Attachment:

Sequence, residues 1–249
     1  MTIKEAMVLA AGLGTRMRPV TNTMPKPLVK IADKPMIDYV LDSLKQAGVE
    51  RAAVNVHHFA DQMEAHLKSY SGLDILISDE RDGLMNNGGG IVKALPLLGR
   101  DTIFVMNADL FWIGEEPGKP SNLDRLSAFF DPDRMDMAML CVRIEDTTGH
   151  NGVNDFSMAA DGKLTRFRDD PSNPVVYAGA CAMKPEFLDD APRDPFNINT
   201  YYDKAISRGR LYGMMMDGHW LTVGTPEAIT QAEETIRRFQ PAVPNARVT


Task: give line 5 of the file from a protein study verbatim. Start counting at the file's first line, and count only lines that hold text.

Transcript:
   151  NGVNDFSMAA DGKLTRFRDD PSNPVVYAGA CAMKPEFLDD APRDPFNINT